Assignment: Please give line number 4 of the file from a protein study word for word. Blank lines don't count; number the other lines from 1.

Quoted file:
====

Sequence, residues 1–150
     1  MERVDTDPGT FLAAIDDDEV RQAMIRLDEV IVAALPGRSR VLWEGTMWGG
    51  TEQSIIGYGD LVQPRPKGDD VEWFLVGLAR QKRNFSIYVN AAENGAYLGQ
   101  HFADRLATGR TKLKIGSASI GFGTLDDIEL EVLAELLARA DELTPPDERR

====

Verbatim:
   101  HFADRLATGR TKLKIGSASI GFGTLDDIEL EVLAELLARA DELTPPDERR